Sundance, LLC et al v. SE Property Holdings, LLC

Filing 51

ORDER granting 36 Motion for Summary Judgment filed by defendant. Judgment shall be entered by separate order. Signed by Chief Judge William H. Steele on 12/16/2014. (tgw)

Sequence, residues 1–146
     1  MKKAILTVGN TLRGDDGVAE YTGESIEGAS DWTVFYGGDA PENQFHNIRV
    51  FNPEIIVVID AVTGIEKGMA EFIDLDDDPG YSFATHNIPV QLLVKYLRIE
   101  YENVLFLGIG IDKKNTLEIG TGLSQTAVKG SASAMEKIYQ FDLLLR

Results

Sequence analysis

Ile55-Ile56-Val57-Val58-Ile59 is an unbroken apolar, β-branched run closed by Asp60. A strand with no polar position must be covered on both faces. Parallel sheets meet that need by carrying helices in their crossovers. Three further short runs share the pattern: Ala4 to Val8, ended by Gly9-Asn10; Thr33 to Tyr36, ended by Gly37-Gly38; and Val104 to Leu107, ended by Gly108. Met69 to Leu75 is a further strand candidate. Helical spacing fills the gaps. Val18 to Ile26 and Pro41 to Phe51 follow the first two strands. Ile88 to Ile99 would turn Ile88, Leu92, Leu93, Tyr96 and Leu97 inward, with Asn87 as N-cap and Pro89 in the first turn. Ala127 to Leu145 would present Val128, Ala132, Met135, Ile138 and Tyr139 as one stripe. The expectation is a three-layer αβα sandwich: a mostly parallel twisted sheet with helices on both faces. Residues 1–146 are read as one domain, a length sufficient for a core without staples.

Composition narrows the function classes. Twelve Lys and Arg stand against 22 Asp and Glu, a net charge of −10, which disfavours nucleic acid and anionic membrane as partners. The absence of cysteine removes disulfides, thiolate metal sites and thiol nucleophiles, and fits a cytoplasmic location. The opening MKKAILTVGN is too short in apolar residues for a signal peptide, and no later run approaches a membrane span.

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IN THE UNITED STATES DISTRICT COURT FOR THE SOUTHERN DISTRICT OF ALABAMA SOUTHERN DIVISION SUNDANCE, LLC, et al., Plaintiffs, v. SE PROPERTY HOLDINGS, LLC, Defendant. ) ) ) ) ) CIVIL ACTION 14-0115-WS-C ) ) ) ) ORDER This matter is before the Court on the defendant’s motion for summary judgment. (Doc. 36). The parties have filed briefs and evidentiary materials in support of their respective positions, (Docs. 37-40, 44-45, 47), and the motion is ripe for resolution. After careful consideration, the Court concludes the motion is due to be granted. BACKGROUND The defendant’s predecessor (“Vision”) loaned plaintiff Sundance, LLC (“Sundance”) the principal sum of $3 million, secured by a mortgage on certain townhomes in which Sundance had an interest. The three individual plaintiffs1 executed guaranties of the indebtedness. Litigation over the indebtedness resulted in a February 2012 settlement agreement (“the Agreement”), pursuant to which the plaintiffs agreed not to resist foreclosure on the collateral and further agreed to pay approximately $856,000 over time, evidenced by a promissory note (“the Note”). Seven of the units at issue had been constructed using Chinese drywall, and Sundance was a party to a class action lawsuit over Chinese drywall. Under the Agreement, Sundance assigned the “proceeds” of these claims to Vision, which 1 There is a fourth, but he has filed for bankruptcy, and the defendant’s motion does not extend to him. (Doc. 36 at 1 n.1). proceeds would be applied as a credit against the balance owing under the Agreement. In June 2012, Sundance executed a deed in lieu of foreclosure in favor of the defendant. Between March and July 2013, the defendant sold to third parties the seven units containing Chinese drywall. The class action thereafter settled, on terms that provided for remediation of affected properties. The single count of the amended complaint, (Doc. 27), asserts a claim for breach of contract. It alleges that the defendant breached the contract “[b]y selling the condominium units for substantially reduced prices before remediation” and “by failing to obtain remediation of the units pursuant to the Chinese Drywall Litigation.” (Id. at 5-6). DISCUSSION Summary judgment should be granted only if “there is no genuine dispute as to any material fact and the movant is entitled to judgment as a matter of law.” Fed. R. Civ. P. 56(a). The party seeking summary judgment bears “the initial burden to show the district court, by reference to materials on file, that there are no genuine issues of material fact that should be decided at trial.” Clark v. Coats & Clark, Inc., 929 F.2d 604, 608 (11th Cir. 1991). The moving party may meet its burden in either of two ways: (1) by “negating an element of the non-moving party’s claim”; or (2) by “point[ing] to materials on file that demonstrate that the party bearing the burden of proof at trial will not be able to meet that burden.” Id. “Even after Celotex it is never enough simply to state that the non-moving party cannot meet its burden at trial.” Id.; accord Mullins v. Crowell, 228 F.3d 1305, 1313 (11th Cir. 2000); Sammons v. Taylor, 967 F.2d 1533, 1538 (11th Cir. 1992). “If the party moving for summary judgment fails to discharge the initial burden, then the motion must be denied and the court need not consider what, if any, showing the non-movant has made.” Fitzpatrick v. City of Atlanta, 2 F.3d 2 1112, 1116 (11th Cir. 1993); accord Mullins, 228 F.3d at 1313; Clark, 929 F.2d at 608. “If, however, the movant carries the initial summary judgment burden ..., the responsibility then devolves upon the non-movant to show the existence of a genuine issue of material fact.” Fitzpatrick, 2 F.3d at 1116. “If the nonmoving party fails to make ‘a sufficient showing on an essential element of her case with respect to which she has the burden of proof,’ the moving party is entitled to summary judgment.” Clark, 929 F.2d at 608 (quoting Celotex Corp. v. Catrett, 477 U.S. 317 (1986)) (footnote omitted); see also Fed. R. Civ. P. 56(e)(2) (“If a party fails to properly support an assertion of fact or fails to properly address another party’s assertion of fact as required by Rule 56(c), the court may … consider the fact undisputed for purposes of the motion ….”). In deciding a motion for summary judgment, “[t]he evidence, and all reasonable inferences, must be viewed in the light most favorable to the nonmovant ….” McCormick v. City of Fort Lauderdale, 333 F.3d 1234, 1243 (11th Cir. 2003). There is no burden on the Court to identify unreferenced evidence supporting a party’s position.2 Accordingly, the Court limits its review to the exhibits, and to the specific portions of the exhibits, to which the parties have expressly cited. Likewise, “[t]here is no burden upon the district court to distill every potential argument that could be made based upon the materials before it on summary judgment,” Resolution Trust Corp. v. Dunmar Corp., 43 F.3d 587, 599 (11th Cir. 1995), and the Court accordingly limits its review to those arguments the parties have expressly advanced. 2 Fed. R. Civ. P. 56(c)(3) (“The court need consider only the cited materials, but it may consider other materials in the record.”); accord Adler v. Wal-Mart Stores, Inc., 144 F.3d 664, 672 (10th Cir. 1998) (“The district court has discretion to go beyond the referenced portions of these [summary judgment] materials, but is not required to do so.”). 3 The Agreement provides in pertinent part as follows: 6. Settlement Proceeds from Chinese Drywall Claims. Sundance is a party to a class action lawsuit pending in the United States District Court for the Eastern District of Louisiana [style omitted], involving certain claims in connection with Chinese drywall (the “Chinese Drywall Claims”). The parties anticipate that Sundance will receive proceeds from the settlement of the Chinese Drywall Claims in the approximate amount of $500,000.00 (the “Chinese Drywall Settlement Proceeds”). Sundance hereby assigns to Vision the full amount of the Chinese Drywall Settlement Proceeds, including any and all monetary proceeds and payments payable to Sundance that are derived from the Chinese Drywall Claims or from any other source whatsoever in connection with any and all claims made by Sundance relating to Chinese drywall, and shall execute an Assignment of Settlement Proceeds in favor of Vision in the form attached hereto as “Exhibit B.” Sundance further agrees that the full amount of the Chinese Drywall Settlement Proceeds shall be paid over directly to Vision and Sundance shall direct the party or parties responsible for paying out the Chinese Drywall Settlement Proceeds to transmit such proceeds directly to Vision. Vision shall apply the Chinese Drywall Settlement Proceeds as a credit against the principal balance and all accrued and unpaid interest then due and owing under the Settlement Note and shall refund any excess Chinese Drywall Settlement Proceeds to Sundance. (Doc. 38-3 at 3 (emphasis added)). The issue as framed by the parties is this: Did the settlement of the Chinese drywall litigation result in “proceeds” within the contemplation of the Agreement?3 The “threshold issue” is “whether the contract is ambiguous.” Certain Underwriters at Lloyd’s, London v. Southern Natural Gas Co., 142 So. 3d 436, 3 The amended complaint asserts that the “Settlement Agreement and [Settlement] Note constitute a valid and binding contract.” (Doc. 27 at 6). The Note, however, has absolutely nothing to say about the Chinese drywall litigation or satisfaction of the Note from proceeds of that litigation. (Doc. 1-1 at 46-48). The Court, like the parties, therefore confines its discussion to the Agreement. 4 453 (Ala. 2013) (internal quotes omitted).4 “If the trial court determines that there is no ambiguity, it must determine the force and effect of the terms of the contract as a matter of law.” Id. (internal quotes omitted). If the Court determines that the contract is ambiguous, “it must employ established rules of contract construction to resolve the ambiguity.” Id. at 454 (internal quotes omitted). Only “[i]f the application of such rules is not sufficient to resolve the ambiguity [do] factual issues arise.” Id. (internal quotes omitted). “The issue whether a contract is ambiguous or unambiguous is a question of law for a court to decide.” American Resources Insurance Co. v. H & H Stephens Construction, Inc., 939 So. 2d 868, 873 (Ala. 2006) (internal quotes omitted). “A contractual provision is ambiguous if it is reasonably susceptible of more than one meaning.” Doster Construction Co. v. Marathon Electrical Contractors, Inc., 32 So. 3d 1277, 1283 (Ala. 2009) (internal quotes omitted). Conversely, “terms are unambiguous [when they are] susceptible of only one reasonable meaning.” Id. (internal quotes omitted). “Where there is no indication that the terms of the contract are used in a special or technical sense, they will be given their ordinary, plain, and natural meaning.” Doster Construction, 32 So. 3d at 1283 (internal quotes omitted). The defendant, citing an online dictionary,5 asserts that the ordinary, plain and natural meaning of the word “proceeds” is restricted to “money.” (Doc. 37 at 14). The plaintiffs counter with a definition from Mr. Black6 describing “proceeds” as the value of property converted into money or as the amount of money received from 4 The Agreement provides that it is to be construed in accordance with Alabama law, (Doc. 38-3 at 3), and both sides invoke Alabama rules of contract construction. 5 See generally Black Diamond Development, Inc. v. Thompson, 979 So. 2d 47, 51 (Ala. 2007) (looking to a dictionary definition of a disputed contract term); Carpet Installation and Supplies v. Alfa Mutual Insurance Co., 628 So. 2d 560, 562 (Ala. 1993) (a dictionary definition “is exactly the result of an examination into the interpretation that ordinary people would give to the word,” and reliance on such authorities is encouraged). 6 Henry Campbell Black, father of the law dictionary bearing his name. 5 a sale. (Doc. 44 at 10). The plaintiffs also cite the UCC, which defines “proceeds” in part as “rights arising out of collateral” and “claims arising out of … defects … in, or damage to, the collateral.” (Id. at 11). The plaintiffs do not explain, and the Court does not discern, how Mr. Black’s definition assists their case. The plaintiffs focus their attention on the UCC definition, noting that the units were “collateral” for the loan to Sundance and arguing that, “because it is a claim arising out of a defect or damage to collateral, and rights arising out of the collateral, the remediation credits are proceeds.” (Doc. 44 at 11; accord id. at 13-14). More than that, they insist their claim in the drywall litigation is itself “proceeds” because it is a right arising out of the collateral. (Id. at 12 n.2, 15). The Court finds the plaintiffs’ argument less than compelling.7 Nevertheless, the Court assumes without deciding that the term “proceeds” may in some circumstances include something other than money. The Court’s task, however, is not to construe a single word in the abstract but to determine how it was used by the parties in a particular, concrete provision. “It is well settled that a court in seeking to ascertain the intention of the parties in construing a contract, will consider the contract as a whole, although the immediate object of the inquiry is the meaning of a particular clause.” N&L Enterprises, LLC v. Lioce Properties, LLP, 51 So. 3d 273, 279 (Ala. 2010) (internal quotes omitted). A review of paragraph 6 quickly dispels any possible ambiguity concerning the scope of “proceeds” as used in the Agreement, because it uniformly describes “proceeds” in monetary terms. First, the parties anticipated that Sundance would receive proceeds “in the approximate amount of $500,000.00.” The parties did not anticipate that Sundance would receive proceeds of the approximate “value” of $500,000, as 7 The Agreement addresses only proceeds of Sundance’s drywall claim. It is difficult to see how Sundance’s drywall claim could be proceeds of Sundance’s drywall claim. 6 would be necessary to encompass non-monetary proceeds. Instead, the parties specified that the proceeds would be in the approximate “amount” of $500,000, a term that facially contemplates only monetary proceeds. This plainly monetary sum is then defined as the “Chinese Drywall Settlement Proceeds” (hereinafter, the “Proceeds”), and the rest of the paragraph is devoted to detailing the parties’ duties concerning the Proceeds – all of which are described in facially monetary terms. Sundance: (1) assigns the “full amount” of the Proceeds to Vision; (2) agrees that the “full amount” of the Proceeds shall be “paid over” to Vision; 8 and (3) agrees to direct the party responsible for “paying out” the Proceeds to transmit them to Vision. For its part, Vision agrees to “refund” any excess Proceeds to Sundance. The plaintiffs ignore this mountain of textual evidence. Instead, they insist that “proceeds” cannot be limited to money because paragraph 6 uses the term “monetary proceeds.” The plaintiffs maintain that the adjective is redundant unless “proceeds,” standing alone, extends beyond money. (Doc. 44 at 15-16). Again, the Court must consider the entire provision, not an isolated phrase, and the context of the term eliminates the plaintiffs’ argument: Sundance hereby assigns to Vision the full amount of the Chinese Drywall Settlement Proceeds, including any and all monetary proceeds and payments payable to Sundance that are derived from the Chinese Drywall Claims or from any other source whatsoever in connection with any and all claims made by Sundance relating to Chinese drywall …. (Doc. 38-3 at 3 (emphasis added). It is plain that the italicized phrase does not carve out some subset of the Proceeds for special treatment but instead defines “the full amount of the Chinese 8 “In the construction of a written instrument it is firmly established that ordinarily the same word therein occurring more than once is to be given the same meaning unless the context indicates that a different meaning was intended.” Tennessee Corp. v. Hartford Accident & Indemnity Co., 463 F.2d 548, 551-52 (5th Cir. 1972). There is no principled way to read “full amount” as extending beyond monetary proceeds when the initial use of “amount” was explicitly tied to money. 7 Drywall Settlement Proceeds” which Sundance is assigning. While “including” is sometimes used in the sense of “without limitation,” here it is manifestly used in the sense of “without exception,” for the purpose of preventing the plaintiffs from withholding any funds derived from any source as a result of Sundance’s drywall claims. This conclusion, which is clear from the sentence itself, is underscored by the repeated monetary language used elsewhere in the provision and discussed above. Indeed, because the italicized language is definitional, it unambiguously limits the Proceeds to monetary payments. The plaintiffs ask the Court to invoke the rule of contra proferentem, or construction against the drafter. (Doc. 44 at 16 n.3). It does not appear that their evidence is sufficiently precise to establish a factual predicate for this rule of construction, but the rule cannot apply in any event. The rule of contra proferentem can be invoked only “if all other rules of contract construction fail to resolve the ambiguity,” Homes of Legend, Inc. v. McCollough, 776 So. 2d 741, 746 (Ala. 2000), and, as discussed above, a plain reading of paragraph 6 dispels any ambiguity arguably lurking in the unadorned term, “proceeds.” That is, there is no ambiguity remaining to be resolved. Unable to show any residual ambiguity in the Agreement, the plaintiffs turn to the settlement terms of the class action. They note that the agreement gave class members three options: (1) remediation by a contractor selected and paid by the settling defendants; (2) remediation by a contractor selected by the claimant and paid by the defendants; and (3) a cash payment without remediation (and with assurances the defendants would not be exposed to further liability). (Doc. 44-8 at 17-21). The plaintiffs complain that the defendant has not identified which of these options it considers not to generate “proceeds” under the Agreement and which of these options it would or would not have accepted. (Doc. 44 at 12-13). The point of this argument is obscure, but it does not aid the plaintiffs’ cause. It is perfectly plain from paragraph 6 and the defendant’s argument that the defendant was prepared to accept a cash payment under the third option, since 8 such a payment constitutes “proceeds” under the Agreement, while the other two options – which do not result in a transfer of cash to the class member – could not constitute proceeds.9 CONCLUSION For the reasons set forth above, the defendant’s motion for summary judgment is granted. Judgment shall be entered accordingly by separate order.10 DONE and ORDERED this 16th day of December, 2014. s/ WILLIAM H. STEELE CHIEF UNITED STATES DISTRICT JUDGE 9 The third, “cash-out” option is not involved in this lawsuit. The amended complaint does not allege that the defendant refused to accept cash that Sundance received from the class action. Instead, it alleges that “the terms of the settlement were that [a firm] would remediate the Sundance condominium units” (that is, Sundance selected one of the first two, non-cash options), and that the defendant (because it had already sold the units) declined to credit the plaintiffs with the value of this remediation. (Doc. 27 at 4-5). 10 The action remains pending as to the defendant’s amended counterclaim. (Doc. 10). 9